Union with God Through a Transformative Homiletics

by Woori Han (Author)
Monographs X, 182 Pages


This book examines the early Korean Pentecostal homiletical approach in its context. In particular, it draws on the writings of French philosopher Paul Ricoeur, which mediate between objectively reconstructing the meaning of a text in its original context and moving to the world "in front of" the text. Author Woori Han also focuses on the homilies on the Song of Songs and other works by twelfth-century French Cistercian mystic and theologian Bernard of Clairvaux, whose writings promote the spiritual formation of the believer. The book encourages a balance between emphasizing the individual’s dynamic experience of encountering the Holy Spirit (divine healings, miracles, speaking in tongues) and the individual’s inner sanctification or purification by the Holy Spirit (union with God in Christ through the Spirit).
This book encourages preachers to deepen their reading of the biblical text and to be open to the possibility of being transformed in the process. The book is especially appropriate for seminary courses on preaching and the history of religion, and for working preachers.

Table Of Contents

  • Cover
  • Advance Praise
  • Title
  • Copyright
  • About the author
  • About the book
  • This eBook can be cited
  • Table of Contents
  • Introduction
  • Chapter One: History and Development of Early Korean Pentecostalism
  • Chapter Two: Biblical Hermeneutics of the Classical Pentecostal Tradition
  • Chapter Three: Paul Ricoeur’s Hermeneutical Theory: Discourse and the Surplus of Meaning
  • Chapter Four: Saint Bernard of Clairvaux’s Concept of Loving God
  • Chapter Five: A Transformative Engagement with the Scriptures for Contemporary Korean Pentecostals
  • Conclusion
  • Appendix
  • Bibliography
  • Index

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If you continue in my word, you are truly my disciples; and you will know the truth, and the truth will make you free. (John 8:31–32 NRSV)1

As an ordained pastor in the Assemblies of God of Korea, I see my faith community focused on the blessing and enrichment of individuals’ personal lives. I have agonized over how to achieve the proper balance between emphasizing the individual’s dynamic experience of encountering the Holy Spirit (e.g., divine healings, miracles, speaking in tongues) and the individual’s inner sanctification or purification of the Holy Spirit (i.e., union with God in Christ through the Spirit). This book represents my attempt to achieve harmony between these two religious beliefs and practices (outer and inner manifestations) for contemporary believers who have cultivated a critical and nonsimplistic worldview. I believe that the preacher’s efforts to discover the authorial intention and historical context of the text (to gain information) and also to engage in the existential aspect of the text (to be transformed) have the potential to transform both the preacher and their ecclesial community through communion with God in Christ through the Spirit.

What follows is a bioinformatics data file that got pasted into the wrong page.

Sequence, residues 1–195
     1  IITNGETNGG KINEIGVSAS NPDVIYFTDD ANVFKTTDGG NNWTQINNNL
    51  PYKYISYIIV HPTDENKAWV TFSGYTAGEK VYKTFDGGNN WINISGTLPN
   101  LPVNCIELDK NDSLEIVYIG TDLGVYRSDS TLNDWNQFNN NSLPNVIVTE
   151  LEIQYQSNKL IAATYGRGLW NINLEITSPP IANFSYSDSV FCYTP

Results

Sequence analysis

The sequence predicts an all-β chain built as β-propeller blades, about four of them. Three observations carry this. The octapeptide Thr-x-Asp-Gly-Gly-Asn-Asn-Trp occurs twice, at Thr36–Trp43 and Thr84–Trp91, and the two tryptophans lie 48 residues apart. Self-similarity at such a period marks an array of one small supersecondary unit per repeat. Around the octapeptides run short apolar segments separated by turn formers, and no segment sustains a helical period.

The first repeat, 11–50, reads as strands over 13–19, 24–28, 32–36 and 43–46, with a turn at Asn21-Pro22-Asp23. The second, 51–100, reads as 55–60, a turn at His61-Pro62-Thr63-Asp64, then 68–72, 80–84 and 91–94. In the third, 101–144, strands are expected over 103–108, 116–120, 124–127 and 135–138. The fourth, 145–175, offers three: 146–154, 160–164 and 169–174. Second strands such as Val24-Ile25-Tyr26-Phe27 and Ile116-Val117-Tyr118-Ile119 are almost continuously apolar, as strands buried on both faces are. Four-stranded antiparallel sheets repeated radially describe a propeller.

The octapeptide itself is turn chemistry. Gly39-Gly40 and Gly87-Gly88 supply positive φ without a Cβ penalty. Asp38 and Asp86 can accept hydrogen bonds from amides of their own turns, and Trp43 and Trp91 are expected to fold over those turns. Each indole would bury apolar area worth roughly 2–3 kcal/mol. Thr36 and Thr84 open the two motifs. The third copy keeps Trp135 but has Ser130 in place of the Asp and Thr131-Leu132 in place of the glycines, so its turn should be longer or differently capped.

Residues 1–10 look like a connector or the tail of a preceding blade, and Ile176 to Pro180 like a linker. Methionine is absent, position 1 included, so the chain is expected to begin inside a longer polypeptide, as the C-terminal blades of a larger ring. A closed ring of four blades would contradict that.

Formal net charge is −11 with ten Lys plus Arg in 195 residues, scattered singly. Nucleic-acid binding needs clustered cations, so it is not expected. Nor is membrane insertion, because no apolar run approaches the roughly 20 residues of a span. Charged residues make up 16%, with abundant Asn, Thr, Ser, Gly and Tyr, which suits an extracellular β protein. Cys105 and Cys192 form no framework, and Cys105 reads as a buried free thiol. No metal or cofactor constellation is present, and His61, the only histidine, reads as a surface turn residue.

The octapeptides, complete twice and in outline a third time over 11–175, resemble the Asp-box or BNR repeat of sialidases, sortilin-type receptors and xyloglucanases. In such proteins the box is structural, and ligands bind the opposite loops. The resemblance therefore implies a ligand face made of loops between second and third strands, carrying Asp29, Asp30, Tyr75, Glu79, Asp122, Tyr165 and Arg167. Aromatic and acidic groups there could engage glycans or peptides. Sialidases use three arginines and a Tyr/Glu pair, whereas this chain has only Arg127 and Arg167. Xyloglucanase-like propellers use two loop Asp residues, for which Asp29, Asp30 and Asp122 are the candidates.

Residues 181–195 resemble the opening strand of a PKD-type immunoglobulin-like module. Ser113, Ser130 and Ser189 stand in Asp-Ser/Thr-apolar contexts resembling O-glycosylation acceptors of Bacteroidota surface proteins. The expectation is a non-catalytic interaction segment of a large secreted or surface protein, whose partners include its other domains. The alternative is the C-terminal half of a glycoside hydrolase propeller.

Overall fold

←1 | 2→Scholars of the Assemblies of God of Korea (AGK)2 are actively pursuing the relationship between homiletics and biblical hermeneutics and are developing a deeper hermeneutical understanding of the text. These scholarly approaches to the text are not limited to Korean Pentecostals. Rather, a growing worldwide movement within Pentecostalism is developing this perspective. However, this approach has not yet resulted in an academic discourse on the preacher’s role in the transformative reading of Scripture, a role that involves participating in the existential aspect of the text.3 As Kevin J. Vanhoozer articulates, the experiential knowledge of God involves an exercise of one’s intellect, imagination, and spirituality. He highlights that “[t]‌o know God as the author and subject of Scripture requires more than intellectual acknowledgement. To know God is to love and obey him, for the knowledge of God is both restorative and transformative.”4

Furthermore, according to Sandra M. Schneiders, an influential scholar of Christian spirituality, the Scripture is “potentially, and through the process of interpretation, a place of meeting, the locus of encounter and conversation between God and humanity.”5 In other words, the preacher undergoes a mystical, dialogical engagement with the biblical text. In this process of reading the text, the world of ←2 | 3→the preacher is shaped by a prayerful and meditative dialogue with God, who is present sacramentally in the text. To put it more clearly, the preacher can see the Scripture as a sacrament, that is, a means or gateway to the sacred, and interpret it accordingly since the sacred text renders Christ present to us.6 This dialogue with the text means experiencing the love of God and allowing the text to become an event in and for the now. Then, the biblical text can communicate the faith and love of Christ to the reader, who encounters the event projected by their prayerful and meditative reading.7

A Transformative Homiletic

Drawing upon these hermeneutical insights for the further development of the homiletics of Korean Pentecostals, I focus on the writings of French philosopher Paul Ricoeur (1913–2005) and French Cistercian mystic theologian Bernard of Clairvaux (1090–1153). In his treatise titled Interpretation Theory, Ricoeur opens up the possibility of facilitating the reader’s experiential encounter with the text through a tensive dialectical process, one that moves from the first naïveté (a surface semantics) through critical reflection to the second naïveté (a depth semantics).8 The process starts with the reader participating in the world “behind” the text and the world “of” the text from a historical, literary, or sociological criticism point of view and moves to the world “in front of” the text. When this happens, the reader may be transformed by the world the text opens to them.

The reader’s participation in the existential aspect of the text through the process of a transformative engagement with the Scripture is often unfamiliar to Pentecostal Christians, even though God invites the reader to experience the real presence of Christ veiled in the outer sacrament of the Scriptures. In other words, the text produces a surplus of meaning that allows the reader to engage with the deeper meaning of the text through metaphors and symbols and thus opens the reader to the possibility of encountering God’s presence by participating in a communicative event of the Bible. Biblical scholar Jeannine K. Brown highlights that “Scripture begins a conversation that is interpersonal and potentially life changing, because it is God who initiates the dialogue.”9